Bernanke: We Must Raise Taxes and Cut Services • Sane People: No, We Need to Stop Endless Bail Outs, Imperial Adventures and Fraudulent Schemes

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This week, both Bernanke and Volcker called for tax increases. Bernanke has also raised
the possibility of reductions in entitlements such as Medicare and
Social Security.

As I pointed out last June:

When
the International Monetary Fund or World Bank offer to lend money to a
struggling third-world country (or "emerging market"), they demand "austerity measures".

As Wikipedia describes it:

In economics, austerity is when a national government reduces its spending in
order to pay back creditors. Austerity is usually required when a
government's fiscal deficit spending is felt to be unsustainable.

 

Development
projects, welfare programs and other social spending are common areas
of spending for cuts. In many countries, austerity measures have been
associated with short-term standard of living declines until economic
conditions improved once fiscal balance was achieved (such as in the
United Kingdom under Margaret Thatcher, Canada under Jean Chrétien, and
Spain under González).

 

Private banks, or institutions like the
International Monetary Fund (IMF), may require that a country pursues
an 'austerity policy' if it wants to re-finance loans that are about to
come due. The government may be asked to stop issuing subsidies or to
otherwise reduce public spending. When the IMF requires such a policy,
the terms are known as 'IMF conditionalities'.

Wikipedia goes on to point out:

Austerity
programs are frequently controversial, as they impact the poorest
segments of the population and often lead to a wider separation between
the rich and poor. In many situations, austerity programs are imposed
on countries that were previously under dictatorial regimes, leading to
criticism that populations are forced to repay the debts of their
oppressors.

***

The IMF has already performed a complete audit of the whole US financial system, something which they have only previously done to broke third world nations.

Al
Martin - former contributor to the Presidential Council of Economic
Advisors and retired naval intelligence officer - observed in an April
2005 newsletter that the ratio of total U.S. debt to gross domestic
product (GDP) rose from 78 percent in 2000 to 308 percent in April
2005. The International Monetary Fund considers a nation-state with a
total debt-to-GDP ratio of 200 percent or more to be a "de-constructed
Third World nation-state."

Martin explained:

What
"de-constructed" actually means is that a political regime in that
country, or series of political regimes, have, through a long period of
fraud, abuse, graft, corruption and mismanagement, effectively
collapsed the economy of that country.

***

Given that experts on third world banana republics from the IMF and the Federal Reserve have said the U.S. has become a third world banana republic (and see this and this), maybe the process of turning first world into the third world is already complete.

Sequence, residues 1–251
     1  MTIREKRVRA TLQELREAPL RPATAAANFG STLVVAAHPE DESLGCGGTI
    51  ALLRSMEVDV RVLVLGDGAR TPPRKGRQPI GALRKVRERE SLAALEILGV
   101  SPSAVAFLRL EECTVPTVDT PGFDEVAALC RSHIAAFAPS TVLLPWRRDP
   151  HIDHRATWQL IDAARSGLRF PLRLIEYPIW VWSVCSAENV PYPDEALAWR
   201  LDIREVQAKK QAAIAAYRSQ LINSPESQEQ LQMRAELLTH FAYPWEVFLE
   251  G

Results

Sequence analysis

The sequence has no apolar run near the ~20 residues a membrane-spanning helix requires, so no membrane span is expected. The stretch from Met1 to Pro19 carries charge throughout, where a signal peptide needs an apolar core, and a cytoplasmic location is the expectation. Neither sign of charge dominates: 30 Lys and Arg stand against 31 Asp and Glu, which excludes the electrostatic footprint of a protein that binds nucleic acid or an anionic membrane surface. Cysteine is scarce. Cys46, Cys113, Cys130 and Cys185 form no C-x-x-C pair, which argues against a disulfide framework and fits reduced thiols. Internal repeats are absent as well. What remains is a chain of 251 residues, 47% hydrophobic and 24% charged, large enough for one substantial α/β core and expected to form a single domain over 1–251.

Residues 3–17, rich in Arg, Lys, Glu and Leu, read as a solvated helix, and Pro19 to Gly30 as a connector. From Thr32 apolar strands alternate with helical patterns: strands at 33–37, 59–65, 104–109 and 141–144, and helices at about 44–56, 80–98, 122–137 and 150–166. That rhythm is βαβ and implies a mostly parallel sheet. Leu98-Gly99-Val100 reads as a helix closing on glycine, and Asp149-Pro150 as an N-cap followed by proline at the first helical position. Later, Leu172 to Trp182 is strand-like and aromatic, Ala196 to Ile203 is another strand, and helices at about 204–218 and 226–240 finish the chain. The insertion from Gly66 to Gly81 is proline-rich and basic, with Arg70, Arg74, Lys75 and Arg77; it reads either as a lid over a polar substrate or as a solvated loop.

But
raising taxes and paring social services are necessary to dig us out of
the debt hole, right? And we needed to spend that money to stabilize
the economy, right?

Well, while the economy has admittedly stabilized for billionaires, it hasn't for anyone else. And see this, this and this.

And as I wrote last month:

House majority leader Steny Hoyer - a close ally to President Obama - says the U.S. needs to raise taxes and cut spending .

As Agence France-Presse reports:

The
United States must embrace a blend of tax increases and spending cuts
to rein in its deficit or face a potentially crippling debt crisis like
the one in Greece, a top US lawmaker warned Monday.

 

"It is enough
to look across the Atlantic at Greece's extreme economic crisis and
understand: It can happen here. If we don't change course, it will
happen here," said Democratic House Majority Leader Steny Hoyer...

 

"It
seems to me that the only solution that can win the support of both
parties is a balanced approach: one that cuts some spending and raises
some revenue while avoiding extremes in either direction," he said.

Of course, many others have warned of the massive debt overhang in the U.S. as well.

 

But why aren't our government "leaders" talking about slashing the military-industrial complex, which is ruining our economy with unnecessary imperial adventures?

 

And why aren't any of our leaders talking about stopping the permanent bailouts for the financial giants who got us into this mess? And see this.

 

And why aren't they taking away the power to create credit from the private banking giants - which is costing our economy trillions of dollars (and is leading to a decrease in loans to the little guy) - and give it back to the states?

If we did these things, we wouldn't have to raise taxes or cut core services to the American people.

And
if there's any shortfall, all we have to do is claw back the ill-gotten
gains from the fraudsters working for the too big to fails whose
unlawful actions got us into this mess in the first place. See this, this, this, this and this.